Economics is the social science that analyzes the production, distribution, and consumption of goods and services. The term economics comes from the Ancient Greek from + , hence "rules of the house"...

 value.
Chemically, the precious metals are less reactive than most elements, have high lustre
Lustre (mineralogy)
Lustre is a description of the way light interacts with the surface of a crystal, rock, or mineral. The word lustre traces its origins back to the Latin word lux, meaning "light", and generally implies radiance, gloss, or brilliance....

, are softer or more ductile
Ductility
In materials science, ductility is a solid material's ability to deform under tensile stress; this is often characterized by the material's ability to be stretched into a wire. Malleability, a similar property, is a material's ability to deform under compressive stress; this is often characterized...

, and have higher melting point
Melting point
The melting point of a solid is the temperature at which it changes state from solid to liquid. At the melting point the solid and liquid phase exist in equilibrium. The melting point of a substance depends on pressure and is usually specified at standard atmospheric pressure...

s than other metals. Historically, precious metals were important as currency
Currency
In economics, currency refers to a generally accepted medium of exchange. These are usually the coins and banknotes of a particular government, which comprise the physical aspects of a nation's money supply...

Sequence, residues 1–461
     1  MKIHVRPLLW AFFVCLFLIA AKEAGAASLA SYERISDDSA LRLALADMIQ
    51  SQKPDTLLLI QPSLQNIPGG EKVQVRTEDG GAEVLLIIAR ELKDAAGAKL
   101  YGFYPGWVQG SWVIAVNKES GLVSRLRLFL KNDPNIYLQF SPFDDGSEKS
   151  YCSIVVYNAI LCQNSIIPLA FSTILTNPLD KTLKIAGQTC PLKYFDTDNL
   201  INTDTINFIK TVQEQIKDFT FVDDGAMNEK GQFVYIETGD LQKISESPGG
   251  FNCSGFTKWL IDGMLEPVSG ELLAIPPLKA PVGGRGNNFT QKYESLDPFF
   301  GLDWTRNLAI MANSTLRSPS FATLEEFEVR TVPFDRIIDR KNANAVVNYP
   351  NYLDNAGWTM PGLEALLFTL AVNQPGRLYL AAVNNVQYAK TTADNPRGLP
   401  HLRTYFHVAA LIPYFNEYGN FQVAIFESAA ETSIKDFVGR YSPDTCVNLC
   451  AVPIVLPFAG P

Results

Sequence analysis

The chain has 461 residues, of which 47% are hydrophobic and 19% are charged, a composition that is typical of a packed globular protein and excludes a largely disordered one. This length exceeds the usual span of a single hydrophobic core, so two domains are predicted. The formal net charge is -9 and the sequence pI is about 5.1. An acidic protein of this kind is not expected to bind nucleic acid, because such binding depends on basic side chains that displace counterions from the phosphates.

but are now regarded mainly as investment and industrial commodities
Commodity
In economics, a commodity is the generic term for any marketable item produced to satisfy wants or needs. Economic commodities comprise goods and services....

. Gold
Gold
Gold is a chemical element with the symbol Au and an atomic number of 79. Gold is a dense, soft, shiny, malleable and ductile metal. Pure gold has a bright yellow color and luster traditionally considered attractive, which it maintains without oxidizing in air or water. Chemically, gold is a...

, silver
Silver
Silver is a metallic chemical element with the chemical symbol Ag and atomic number 47. A soft, white, lustrous transition metal, it has the highest electrical conductivity of any element and the highest thermal conductivity of any metal...

, platinum
Platinum
Platinum is a chemical element with the chemical symbol Pt and an atomic number of 78. Its name is derived from the Spanish term platina del Pinto, which is literally translated into "little silver of the Pinto River." It is a dense, malleable, ductile, precious, gray-white transition metal...